The Tokyo Olympics has made me reflect on the three years I lived in Japan, as an English teacher some twenty years ago.
One of the most popular posts on My Mashed Up Life is Naked in Japan which I wrote about my experience of social nudity in Japan. It was more of a how-to guide, really, to explain what the process of visiting a Japanese bathhouse is like.
I wrote it four years ago so perhaps it’s time for a follow-up.
Going to the bathhouse is all about relaxation. It is meant to be a pleasurable, de-stressing well-being experience: time to chill-out with your mates, family or colleagues.
Even thinking about it makes me miss it enormously and wish I could go there right now. (It has been almost twenty years since I was last in Japan but here I am still thinking about how wonderful the public baths were, so that shows you the long-lasting impression they had on me).
It was the one place in Japan where I felt like I belonged; naked people are the most equal people, after all. Yes, I was still a white man among Japanese men, but when we’re naked we’re all the same. My Japanese colleagues and friends appreciated the effort I was making to dip into their culture (literally dipping in, in this case) and it greatly improved my relationships with them.
I can’t emphasize enough how much of a social experience the public baths in Japan are, and how clean and relaxed I felt after visiting.
For those of you that don’t know, you strip naked in the locker room, then shower using soaps and shampoo. Once you’re clean you can can go into the different baths; some are very hot, some are scented, some are cold, some are warm, some are akin to a jacuzzi, some are the size of a room, some are only big enough for a couple of people at a time. All are amazing. Some bath houses even have steam rooms.
However, it wasn’t always as calming and relaxing as it sounds. There were awkward moments; mostly when I bumped into people that I was not expecting to see there.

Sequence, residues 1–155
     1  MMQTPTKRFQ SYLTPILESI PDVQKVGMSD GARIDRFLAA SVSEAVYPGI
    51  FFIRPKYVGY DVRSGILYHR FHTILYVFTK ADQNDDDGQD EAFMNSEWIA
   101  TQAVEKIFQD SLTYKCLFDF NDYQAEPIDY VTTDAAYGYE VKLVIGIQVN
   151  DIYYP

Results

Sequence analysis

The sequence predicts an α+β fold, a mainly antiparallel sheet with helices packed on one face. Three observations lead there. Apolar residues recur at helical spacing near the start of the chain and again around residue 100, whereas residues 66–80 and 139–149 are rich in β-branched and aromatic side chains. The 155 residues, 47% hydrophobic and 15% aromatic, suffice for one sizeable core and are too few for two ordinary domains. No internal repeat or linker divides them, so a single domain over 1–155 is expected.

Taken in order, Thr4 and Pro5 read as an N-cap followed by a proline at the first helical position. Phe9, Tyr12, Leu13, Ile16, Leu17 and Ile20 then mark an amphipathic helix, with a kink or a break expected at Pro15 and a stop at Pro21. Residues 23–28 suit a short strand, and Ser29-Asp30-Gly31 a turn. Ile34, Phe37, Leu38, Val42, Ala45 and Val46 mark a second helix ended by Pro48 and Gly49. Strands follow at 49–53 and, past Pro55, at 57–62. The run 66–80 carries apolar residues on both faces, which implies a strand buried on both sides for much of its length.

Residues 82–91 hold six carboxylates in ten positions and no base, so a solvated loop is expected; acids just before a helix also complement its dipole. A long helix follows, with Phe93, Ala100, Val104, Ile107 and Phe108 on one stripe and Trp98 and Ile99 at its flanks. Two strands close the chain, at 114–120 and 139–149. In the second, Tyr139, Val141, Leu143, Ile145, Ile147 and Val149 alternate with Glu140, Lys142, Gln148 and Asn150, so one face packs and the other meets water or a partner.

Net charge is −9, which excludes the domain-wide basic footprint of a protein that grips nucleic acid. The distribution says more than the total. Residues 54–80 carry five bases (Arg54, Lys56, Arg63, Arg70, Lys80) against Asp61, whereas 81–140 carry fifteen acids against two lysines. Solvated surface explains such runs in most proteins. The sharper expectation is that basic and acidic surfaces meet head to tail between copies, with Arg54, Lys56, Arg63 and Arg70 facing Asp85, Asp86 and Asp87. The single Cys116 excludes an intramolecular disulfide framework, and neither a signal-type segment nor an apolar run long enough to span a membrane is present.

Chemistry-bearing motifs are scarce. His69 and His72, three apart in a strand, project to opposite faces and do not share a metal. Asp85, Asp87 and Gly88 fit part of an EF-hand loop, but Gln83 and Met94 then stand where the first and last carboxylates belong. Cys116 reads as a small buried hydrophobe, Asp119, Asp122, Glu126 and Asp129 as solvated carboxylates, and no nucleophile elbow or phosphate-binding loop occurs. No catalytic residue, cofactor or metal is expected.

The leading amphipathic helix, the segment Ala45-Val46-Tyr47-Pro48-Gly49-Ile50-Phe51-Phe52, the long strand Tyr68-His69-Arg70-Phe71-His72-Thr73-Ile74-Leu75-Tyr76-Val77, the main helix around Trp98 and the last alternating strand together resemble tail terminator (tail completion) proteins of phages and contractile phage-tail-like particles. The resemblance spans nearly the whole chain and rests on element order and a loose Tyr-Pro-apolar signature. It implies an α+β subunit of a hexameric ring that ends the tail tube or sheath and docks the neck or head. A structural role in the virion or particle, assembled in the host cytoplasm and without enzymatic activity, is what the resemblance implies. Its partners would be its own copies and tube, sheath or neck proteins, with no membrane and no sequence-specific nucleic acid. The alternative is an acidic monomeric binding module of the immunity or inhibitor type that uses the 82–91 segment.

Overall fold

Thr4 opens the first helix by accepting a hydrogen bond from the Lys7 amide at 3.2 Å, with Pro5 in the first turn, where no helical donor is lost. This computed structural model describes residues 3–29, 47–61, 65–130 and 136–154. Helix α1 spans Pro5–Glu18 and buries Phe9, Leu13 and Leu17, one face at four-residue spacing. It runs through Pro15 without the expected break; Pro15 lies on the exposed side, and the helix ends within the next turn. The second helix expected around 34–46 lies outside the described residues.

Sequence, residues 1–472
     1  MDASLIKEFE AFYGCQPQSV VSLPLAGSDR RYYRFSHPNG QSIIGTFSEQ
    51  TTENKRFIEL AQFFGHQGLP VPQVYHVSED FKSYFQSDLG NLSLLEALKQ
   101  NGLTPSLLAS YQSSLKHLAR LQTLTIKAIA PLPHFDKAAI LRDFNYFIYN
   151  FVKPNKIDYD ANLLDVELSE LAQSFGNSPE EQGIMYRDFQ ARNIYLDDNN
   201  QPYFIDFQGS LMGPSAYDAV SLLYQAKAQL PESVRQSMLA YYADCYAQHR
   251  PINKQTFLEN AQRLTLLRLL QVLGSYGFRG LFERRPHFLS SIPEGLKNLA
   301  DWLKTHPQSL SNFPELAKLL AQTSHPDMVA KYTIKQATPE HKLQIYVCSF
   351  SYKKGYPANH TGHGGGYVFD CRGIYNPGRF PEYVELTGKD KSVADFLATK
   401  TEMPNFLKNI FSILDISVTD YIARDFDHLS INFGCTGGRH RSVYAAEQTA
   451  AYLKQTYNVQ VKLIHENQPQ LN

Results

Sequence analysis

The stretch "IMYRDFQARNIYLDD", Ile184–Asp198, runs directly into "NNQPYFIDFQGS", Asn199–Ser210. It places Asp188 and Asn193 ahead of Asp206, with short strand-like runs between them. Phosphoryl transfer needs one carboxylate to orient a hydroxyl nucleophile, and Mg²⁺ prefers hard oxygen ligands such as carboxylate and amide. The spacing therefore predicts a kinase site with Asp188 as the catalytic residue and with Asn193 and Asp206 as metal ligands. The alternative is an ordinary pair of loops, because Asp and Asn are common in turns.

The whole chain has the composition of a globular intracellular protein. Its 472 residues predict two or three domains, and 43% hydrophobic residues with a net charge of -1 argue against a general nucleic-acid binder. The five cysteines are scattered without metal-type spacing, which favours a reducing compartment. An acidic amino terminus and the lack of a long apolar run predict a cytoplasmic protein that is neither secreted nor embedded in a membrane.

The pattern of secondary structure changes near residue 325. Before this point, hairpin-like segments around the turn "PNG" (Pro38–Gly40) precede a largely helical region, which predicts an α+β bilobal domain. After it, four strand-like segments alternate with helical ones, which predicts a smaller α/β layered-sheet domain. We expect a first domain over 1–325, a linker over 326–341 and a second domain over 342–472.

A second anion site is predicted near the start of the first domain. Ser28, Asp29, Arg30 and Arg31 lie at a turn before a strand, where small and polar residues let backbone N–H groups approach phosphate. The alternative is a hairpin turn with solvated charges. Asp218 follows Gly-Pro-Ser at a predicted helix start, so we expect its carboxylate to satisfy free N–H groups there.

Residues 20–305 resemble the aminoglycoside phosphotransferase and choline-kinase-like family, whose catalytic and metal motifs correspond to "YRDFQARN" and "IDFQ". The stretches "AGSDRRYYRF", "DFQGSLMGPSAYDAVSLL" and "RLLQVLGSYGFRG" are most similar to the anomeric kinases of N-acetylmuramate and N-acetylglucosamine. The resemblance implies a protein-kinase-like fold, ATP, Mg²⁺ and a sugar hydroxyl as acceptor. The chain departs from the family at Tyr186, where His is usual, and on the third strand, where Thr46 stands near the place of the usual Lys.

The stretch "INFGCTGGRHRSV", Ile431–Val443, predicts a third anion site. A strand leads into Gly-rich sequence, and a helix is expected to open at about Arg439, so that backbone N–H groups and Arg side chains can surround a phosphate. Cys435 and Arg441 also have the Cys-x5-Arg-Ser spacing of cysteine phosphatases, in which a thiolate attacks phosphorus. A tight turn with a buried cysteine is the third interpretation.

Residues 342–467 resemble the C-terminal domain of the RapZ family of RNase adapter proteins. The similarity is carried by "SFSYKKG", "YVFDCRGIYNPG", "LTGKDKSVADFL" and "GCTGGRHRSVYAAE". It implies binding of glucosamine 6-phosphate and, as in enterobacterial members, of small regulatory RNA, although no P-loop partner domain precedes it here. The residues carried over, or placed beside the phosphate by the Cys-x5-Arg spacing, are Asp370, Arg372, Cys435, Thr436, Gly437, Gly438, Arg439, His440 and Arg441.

Once I was sitting in a jacuzzi-type bath, enjoying the sensation and totally relaxed. But then the principal from my school suddenly appeared and sat down beside me. Imagine having a bath with your boss; this was my situation.
I attempted some formal small talk (in Japanese, of course) and was expecting him to reply in a stilted way. I was pleasantly surprised, however, when he smiled and chatted away as if we were old buddies. I mean, the language remained formal (he was still my boss, after all, and in Japan hierarchy is everything) but any awkwardness I initially felt soon melted away.
That was, however, until it was time for me to get out of the bath. I had been in there quite a while by now and was starting to overheat. The only way out was to stand up, turn away from my boss and climb the steps.
I did a respectful seated bow, turned my back to him and climbed out. In the process my naked butt was just inches away from his face.
After that experience of bathing with my boss, my relationship with him at work greatly improved: no longer was he a remote senior figure to be revered and somewhat feared; instead, he became someone I could talk to more freely. I felt like he somehow respected me more for embracing the Japanese way of life, and I became a more accepted member of the school teaching staff.
If you’re curious, here’s a video that explains how to visit a Japanese bathhouse (warning: it does contain male nudity).
There’s also this video (which does not contain nudity) about one guy’s experience of visiting a Japanese bath house. He talks about the vulnerability of being naked but also of the positive feelings from that experience: the camaraderie and equality of it all, which is very much in line with how I felt about it.